"If you're asking whether or not Russia will have to pay a premium on return to the capital markets, the answer is a big YES," she says.

Russia's issuer credit rating is still SD - selected default - the lowest among 83 sovereign debt ratings issued by S&P.

The SD rating can be changed only when the London Club agreement is ratified and MinFin series IV has been restructured, she adds.

Under S&P's methodology, nonpayment to Paris Club does not constitute a default.

Russian Eurobonds are currently rated CCC+, with a positive outlook, which is also one of the lowest ratings and means that the probability of default is very high. Indonesia is the other main country whose debt is rated CCC+.

Should Russia resolve all its outstanding debt problems, it is likely that the country's Eurobonds - and any new issues - would be rated somewhat higher, perhaps B-, which is why the outlook on the current CCC+ rating is positive, Hessel says.

The latest comparable case has been Pakistan though the country defaulted on its Eurobond. After successful rescheduling, the newly restructured debt was rated B-, a very low rating that incorporates both past reschedulings and also a high probability of future nonpayment.

S&P currently rates Bolivia, the Cook Islands, Pakistan, Romania and Surinam as B-.

Default Setting

Despite Russia's gradually improving economic situation, many still rate it as a good chance for another default in the next decade.

According to Moody's rating agency, there is a 12.2 percent probability that the government will default within 12 months. And the agency says that the probability of default over the next eight years stands at 48 percent. This means that - according to Moody's - buying bonds issued by, for example, Papua New Guinea, Nicaragua, Fiji, Iran or even neighboring Kazakhstan, is a better bet than buying Russian Eurobonds on the secondary markets, let alone any putative future issue. All the above countries' bonds are rated a notch or two higher than Russia's Eurobonds, which Moody's currently lists at B3.

This is the same rating Moody's gave to Canadian oil company Hurricane Hydrocarbons Ltd. - some 18 months before its default in May 1999 - and to Mexican construction company Bufete Industrial - rated B3 two and a half years before the company went bankrupt last July.

In fact, SBS-Agro was rated B1 back in 1998, higher than Moody's current rating for Russian Eurobonds.

Even though corporate ratings are different from sovereign ones, default rates among legal entities nevertheless provide a good measure of the risk associated with holding public debt.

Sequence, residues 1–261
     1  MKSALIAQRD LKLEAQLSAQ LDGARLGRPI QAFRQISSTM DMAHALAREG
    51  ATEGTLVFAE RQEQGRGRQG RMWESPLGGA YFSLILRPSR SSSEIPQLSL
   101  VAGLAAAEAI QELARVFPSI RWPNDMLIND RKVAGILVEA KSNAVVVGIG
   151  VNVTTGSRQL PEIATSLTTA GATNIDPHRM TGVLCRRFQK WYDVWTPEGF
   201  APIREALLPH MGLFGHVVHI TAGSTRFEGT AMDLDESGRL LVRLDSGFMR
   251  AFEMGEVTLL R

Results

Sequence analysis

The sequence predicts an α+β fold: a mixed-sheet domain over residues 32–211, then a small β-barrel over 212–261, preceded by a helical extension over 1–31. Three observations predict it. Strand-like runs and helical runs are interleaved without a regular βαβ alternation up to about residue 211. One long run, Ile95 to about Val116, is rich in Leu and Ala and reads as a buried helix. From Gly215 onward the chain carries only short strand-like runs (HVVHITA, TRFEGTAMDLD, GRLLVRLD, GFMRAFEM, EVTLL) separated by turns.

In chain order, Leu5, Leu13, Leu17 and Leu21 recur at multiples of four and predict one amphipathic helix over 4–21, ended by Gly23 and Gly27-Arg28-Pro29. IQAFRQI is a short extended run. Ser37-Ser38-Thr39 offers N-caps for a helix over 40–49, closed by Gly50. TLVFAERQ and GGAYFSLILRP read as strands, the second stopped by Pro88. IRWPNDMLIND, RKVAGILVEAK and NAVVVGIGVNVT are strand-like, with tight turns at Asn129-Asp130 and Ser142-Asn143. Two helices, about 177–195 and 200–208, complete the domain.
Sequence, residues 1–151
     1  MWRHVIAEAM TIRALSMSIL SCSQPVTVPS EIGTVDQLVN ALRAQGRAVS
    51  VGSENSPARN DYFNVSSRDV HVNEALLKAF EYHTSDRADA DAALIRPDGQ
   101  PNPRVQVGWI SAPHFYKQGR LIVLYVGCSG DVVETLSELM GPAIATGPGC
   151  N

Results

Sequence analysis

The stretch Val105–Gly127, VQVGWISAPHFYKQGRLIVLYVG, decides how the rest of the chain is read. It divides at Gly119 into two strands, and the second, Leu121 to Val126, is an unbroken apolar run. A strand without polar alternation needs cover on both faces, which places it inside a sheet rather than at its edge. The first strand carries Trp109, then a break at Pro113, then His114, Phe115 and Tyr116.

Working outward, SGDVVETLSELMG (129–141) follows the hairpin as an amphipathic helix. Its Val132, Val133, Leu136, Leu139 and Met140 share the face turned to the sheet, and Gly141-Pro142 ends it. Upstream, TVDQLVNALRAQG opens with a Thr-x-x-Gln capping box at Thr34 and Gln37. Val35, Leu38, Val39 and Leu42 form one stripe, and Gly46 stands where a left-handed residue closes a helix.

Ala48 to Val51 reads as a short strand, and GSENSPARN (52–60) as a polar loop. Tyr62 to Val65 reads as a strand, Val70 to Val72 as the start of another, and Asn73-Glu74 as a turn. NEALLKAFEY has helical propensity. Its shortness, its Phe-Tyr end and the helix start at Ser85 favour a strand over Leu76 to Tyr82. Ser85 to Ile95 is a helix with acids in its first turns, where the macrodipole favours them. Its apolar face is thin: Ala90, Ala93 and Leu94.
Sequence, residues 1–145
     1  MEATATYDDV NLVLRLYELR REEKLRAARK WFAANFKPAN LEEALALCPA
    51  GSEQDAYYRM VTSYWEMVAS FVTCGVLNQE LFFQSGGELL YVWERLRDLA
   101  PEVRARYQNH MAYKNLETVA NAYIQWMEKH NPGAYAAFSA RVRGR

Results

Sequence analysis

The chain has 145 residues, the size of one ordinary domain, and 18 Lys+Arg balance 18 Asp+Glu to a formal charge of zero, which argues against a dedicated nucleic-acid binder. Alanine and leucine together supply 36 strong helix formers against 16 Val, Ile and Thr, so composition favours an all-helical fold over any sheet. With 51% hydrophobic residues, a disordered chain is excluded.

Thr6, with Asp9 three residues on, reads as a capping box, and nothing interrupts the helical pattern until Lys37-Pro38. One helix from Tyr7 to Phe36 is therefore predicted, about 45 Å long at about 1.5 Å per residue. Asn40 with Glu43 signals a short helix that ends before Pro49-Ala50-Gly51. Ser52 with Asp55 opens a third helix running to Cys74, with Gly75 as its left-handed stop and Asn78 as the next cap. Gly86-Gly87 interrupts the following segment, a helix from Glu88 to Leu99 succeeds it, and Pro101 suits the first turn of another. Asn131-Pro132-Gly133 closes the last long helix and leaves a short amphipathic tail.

"Bonds which are rated B generally lack the characteristics of desirable investment," Moody's writes in its rating definitions.

"Assurance of interest and principal payments or of maintenance of other terms of the contract over any long period of time may be small."

Russia's sovereign debt payments peak at $7 billion in 2003, by which time the odds will be three to one that the government will say there is no cash left in the vaults to meet these payments.

The market measures the risk accordingly, with Eurobonds yields now almost twice as high as in fall 1997, shortly before the Asian flu dampened debt markets for emerging economies.

Eurobonds were then traded at a premium, with the Russian issue maturing in 2007 priced at 102.68 - a 9.57 percent yield that was some 8 percentage points below the 16.37 percent yield investors could earn if they buy the paper now.


1999 Federal Government Debt ($Bln)

New Borrowings Payments

International lenders 1.63 4.44

Russian sovereign debt 1.20 4.24

Vneshtorgbank and Vneshekonombank 2.00 -

Central Bank 2.50 -

Vneshekonombank and Sberbank 0.34* 0.34

Total 7.67 9.02

*already fully repaid Source: Finance Ministry


Emerging market

countries with highest

debt burdens*

$ bln

Brazil 178

Mexico 157

Indonesia 129

China 128.8

Russia 124.78

*end of 1996 Source: Economist


What price Eurobonds?

Issue Maturity Sept. '97 March '00

Price Yield Price Yield

11/27/01 102.07 8.65% 90.46 15.78%

05/25/04 103.68 8.23% 78.50 16.72%

06/26/07 102.68 9.57% 73.79 16.37%

Source: Reuters


Debt Loadings

Total Debt/ Annual Debt Total Debt/

exports payments/ annual budget

exports revenues

Russia 185% 21% 617%

Brazil, Argentina 450% 40% n.a.


emerging markets 168% 27% 200%

Source: Economic Expert Group


Russia's Dangerous Debts

Year Total debt payments Payments due Payments due Cumulative probability

due on sovereign debt to private creditors

of default

$Bln $Bln $Bln %

2000 9.23 7.56 1.67 12.23

2001 9.64 6.99 2.65 20.71

2002 7.36 5.81 1.55 27.27

2003 10.19 7.05 3.14 32.53

2004 7.86 5.39 2.47 37.54

2005 7.45 4.92 40.66

2006 3.02 0.94 43.95

2007 4.77 3.22 47.84

*average cumulative rates from 1 to 8 years for Moody's corporate borrowers in similar investment grade Source: State Duma, Moody's Investors Services